Monday, 2 September 2013

So many things happened while we living in the little Police Station/House at Nailsea - amusing, sad, downright weird! - that I hardly know where to begin!  And this blog won't be very long because I have had an operation on my hand, and typing is difficult.  So I'll start with a dramatic event!  I'll call it:
One Saturday evening there was an accident on the major road involving a car and a motor cycle.  Not so unusual, you might say.  But in this case, the motor cyclist hit by the car was one of a huge group of Hells' Angels.  And they were in no mood to exchange names and addresses and go on their way!  Oh no, not they.  They wanted retribution, and nothing less.
Terry, on his BMW, was the first officer on the scene, and spent some hairy minutes trying to calm a vast group of angry bikers (50-70 of them I seem to remember!)
and prevent them from lynching the terrified car driver before back-up arrived. 
The motorist and his passenger were then taken into custody and taken to Long Ashton Police Station for their own safety. 
The Hells' Angels were furious.  One of their own had been injured, and they were baying for blood.  They followed, and a mob surrounded the police station, demanding that the unfortunate motorist be handed over to them. 
The first I knew of this was a telephone call at about 9 pm.  I was just feeding and changing baby Suzie, but I answered the phone anyway - I always did - I so enjoyed being back in the thick of things.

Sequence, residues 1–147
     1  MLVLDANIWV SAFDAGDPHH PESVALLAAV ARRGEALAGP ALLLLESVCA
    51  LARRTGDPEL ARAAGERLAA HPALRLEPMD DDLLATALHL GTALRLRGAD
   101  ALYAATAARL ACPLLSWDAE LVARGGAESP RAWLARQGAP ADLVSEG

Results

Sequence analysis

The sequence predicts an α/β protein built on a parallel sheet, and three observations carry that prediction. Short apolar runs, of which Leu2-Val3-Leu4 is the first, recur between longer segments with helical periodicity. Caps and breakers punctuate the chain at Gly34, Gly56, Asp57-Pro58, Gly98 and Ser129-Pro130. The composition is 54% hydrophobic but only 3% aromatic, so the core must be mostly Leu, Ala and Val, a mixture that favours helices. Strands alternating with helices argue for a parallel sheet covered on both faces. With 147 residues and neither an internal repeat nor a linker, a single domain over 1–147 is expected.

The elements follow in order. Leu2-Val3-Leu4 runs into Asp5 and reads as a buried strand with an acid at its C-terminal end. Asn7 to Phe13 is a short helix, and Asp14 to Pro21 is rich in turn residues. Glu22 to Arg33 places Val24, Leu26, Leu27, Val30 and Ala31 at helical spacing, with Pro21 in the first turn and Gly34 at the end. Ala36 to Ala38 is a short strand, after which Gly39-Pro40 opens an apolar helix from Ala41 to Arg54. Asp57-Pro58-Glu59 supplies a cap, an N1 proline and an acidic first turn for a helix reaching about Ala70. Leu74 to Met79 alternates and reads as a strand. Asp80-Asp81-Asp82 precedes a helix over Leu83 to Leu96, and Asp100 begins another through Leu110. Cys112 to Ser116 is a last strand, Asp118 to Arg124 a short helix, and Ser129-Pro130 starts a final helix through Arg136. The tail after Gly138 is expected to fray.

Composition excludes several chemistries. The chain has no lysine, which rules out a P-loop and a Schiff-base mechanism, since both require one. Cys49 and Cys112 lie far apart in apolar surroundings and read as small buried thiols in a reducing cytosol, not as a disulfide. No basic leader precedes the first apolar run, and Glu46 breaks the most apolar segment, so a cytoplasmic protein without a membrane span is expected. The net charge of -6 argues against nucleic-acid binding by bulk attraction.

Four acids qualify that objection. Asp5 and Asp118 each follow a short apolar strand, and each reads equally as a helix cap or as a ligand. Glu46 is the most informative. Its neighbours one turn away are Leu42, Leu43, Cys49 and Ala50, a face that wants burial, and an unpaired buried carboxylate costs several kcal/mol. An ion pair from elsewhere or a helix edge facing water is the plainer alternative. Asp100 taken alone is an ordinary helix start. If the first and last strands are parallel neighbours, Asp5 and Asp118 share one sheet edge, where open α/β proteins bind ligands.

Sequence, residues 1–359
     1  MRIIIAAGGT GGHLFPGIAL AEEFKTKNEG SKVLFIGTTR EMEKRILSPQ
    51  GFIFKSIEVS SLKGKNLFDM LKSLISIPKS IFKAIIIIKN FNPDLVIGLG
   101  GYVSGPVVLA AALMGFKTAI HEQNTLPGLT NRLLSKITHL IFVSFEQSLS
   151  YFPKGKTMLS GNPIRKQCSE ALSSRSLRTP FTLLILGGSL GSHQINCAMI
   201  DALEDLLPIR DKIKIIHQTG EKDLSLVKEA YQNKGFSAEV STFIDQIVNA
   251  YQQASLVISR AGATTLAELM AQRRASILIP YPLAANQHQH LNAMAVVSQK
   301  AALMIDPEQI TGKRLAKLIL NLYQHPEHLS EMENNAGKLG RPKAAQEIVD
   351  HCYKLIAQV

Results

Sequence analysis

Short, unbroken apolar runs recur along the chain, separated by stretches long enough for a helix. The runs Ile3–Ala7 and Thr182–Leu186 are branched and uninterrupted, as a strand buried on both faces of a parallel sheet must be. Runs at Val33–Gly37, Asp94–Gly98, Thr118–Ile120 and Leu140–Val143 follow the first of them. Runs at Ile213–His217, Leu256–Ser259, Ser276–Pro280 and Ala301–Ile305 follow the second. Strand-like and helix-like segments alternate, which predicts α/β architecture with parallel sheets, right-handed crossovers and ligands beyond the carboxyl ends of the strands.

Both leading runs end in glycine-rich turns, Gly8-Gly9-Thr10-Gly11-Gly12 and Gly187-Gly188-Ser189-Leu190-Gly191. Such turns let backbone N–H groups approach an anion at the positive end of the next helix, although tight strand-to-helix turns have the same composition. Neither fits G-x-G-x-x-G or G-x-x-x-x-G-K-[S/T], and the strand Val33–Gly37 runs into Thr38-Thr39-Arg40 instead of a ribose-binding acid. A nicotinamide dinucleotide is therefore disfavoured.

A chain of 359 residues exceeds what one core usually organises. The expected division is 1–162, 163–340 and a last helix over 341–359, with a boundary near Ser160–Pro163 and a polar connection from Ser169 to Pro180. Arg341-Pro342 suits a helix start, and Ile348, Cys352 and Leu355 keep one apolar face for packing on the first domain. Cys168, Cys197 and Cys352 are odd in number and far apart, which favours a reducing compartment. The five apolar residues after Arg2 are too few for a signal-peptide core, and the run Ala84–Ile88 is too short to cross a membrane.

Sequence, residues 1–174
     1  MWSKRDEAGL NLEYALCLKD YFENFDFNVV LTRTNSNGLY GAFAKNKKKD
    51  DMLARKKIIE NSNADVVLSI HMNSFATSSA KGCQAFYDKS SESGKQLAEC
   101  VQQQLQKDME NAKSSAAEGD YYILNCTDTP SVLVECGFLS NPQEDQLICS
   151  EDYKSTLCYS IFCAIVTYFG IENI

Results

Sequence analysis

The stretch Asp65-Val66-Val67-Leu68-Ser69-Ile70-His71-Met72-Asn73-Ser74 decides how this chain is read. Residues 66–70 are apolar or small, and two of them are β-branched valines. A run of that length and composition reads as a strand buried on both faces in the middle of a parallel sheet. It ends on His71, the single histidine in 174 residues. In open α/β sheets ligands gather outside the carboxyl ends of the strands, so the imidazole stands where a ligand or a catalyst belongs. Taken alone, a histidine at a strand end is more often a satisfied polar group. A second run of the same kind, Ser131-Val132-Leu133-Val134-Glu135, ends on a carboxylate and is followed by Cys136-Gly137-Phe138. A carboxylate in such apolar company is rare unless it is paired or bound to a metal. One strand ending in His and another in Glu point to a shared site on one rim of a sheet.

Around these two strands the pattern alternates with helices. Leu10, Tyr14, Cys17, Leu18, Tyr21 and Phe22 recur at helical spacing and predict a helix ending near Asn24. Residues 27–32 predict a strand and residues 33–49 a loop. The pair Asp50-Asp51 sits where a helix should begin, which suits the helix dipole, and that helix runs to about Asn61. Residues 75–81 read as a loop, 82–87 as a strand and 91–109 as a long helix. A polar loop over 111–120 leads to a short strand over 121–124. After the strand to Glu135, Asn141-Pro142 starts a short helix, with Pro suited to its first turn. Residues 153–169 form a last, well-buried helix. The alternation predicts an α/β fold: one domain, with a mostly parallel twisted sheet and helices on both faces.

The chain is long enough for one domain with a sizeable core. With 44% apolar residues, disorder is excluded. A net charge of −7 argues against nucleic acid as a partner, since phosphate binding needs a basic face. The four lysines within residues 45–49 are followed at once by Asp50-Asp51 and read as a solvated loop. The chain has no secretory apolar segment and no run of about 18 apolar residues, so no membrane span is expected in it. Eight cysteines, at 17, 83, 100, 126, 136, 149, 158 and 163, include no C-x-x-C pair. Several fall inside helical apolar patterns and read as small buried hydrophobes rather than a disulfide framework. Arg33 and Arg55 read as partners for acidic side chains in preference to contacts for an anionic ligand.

This call though was rather alarming.  Or should have been if I hadn't craved excitement. 
The Hells' Angels were threatening to take hostages - police wives from country beat stations - whom they planned to exchange for their intended victim - the hapless driver.  We 'out in the sticks' - as Nailsea was in those days - were to lock our doors and on no account open them to anyone until we were advised otherwise.
I was, I suppose, a little worried since I had two young children in the house.  But mostly I remember getting quite a kick out of feeling part of the action.  It could have been a Hollywood block-buster!
The siege of the police station at Long Ashton continued for some hours.  By this time the offending driver and his passenger had been locked in the cells for their own protection.  I think a very senior officer, maybe even the Chief Constable himself, and/or the Divisional Commander, hightailed it to Long Ashton and addressed the vengeful mob who were still outside, and eventually they realised they were not going to get their way and dispersed.
It must have been getting on for midnight before I got the call to say things had calmed down, but I should still be wary of a possible attack. 
It was only when Terry came off duty that I realised just how hairy it had been for him, the only police officer up on the main road facing down dozens of furious Hells' Angels and trying to protect the motorist and his passenger from what would undoubtedly have turned very violent.   I was very proud of him, and a bit ashamed that I had quite enjoyed the whole incident!
Next time - a couple of humorous stories ....




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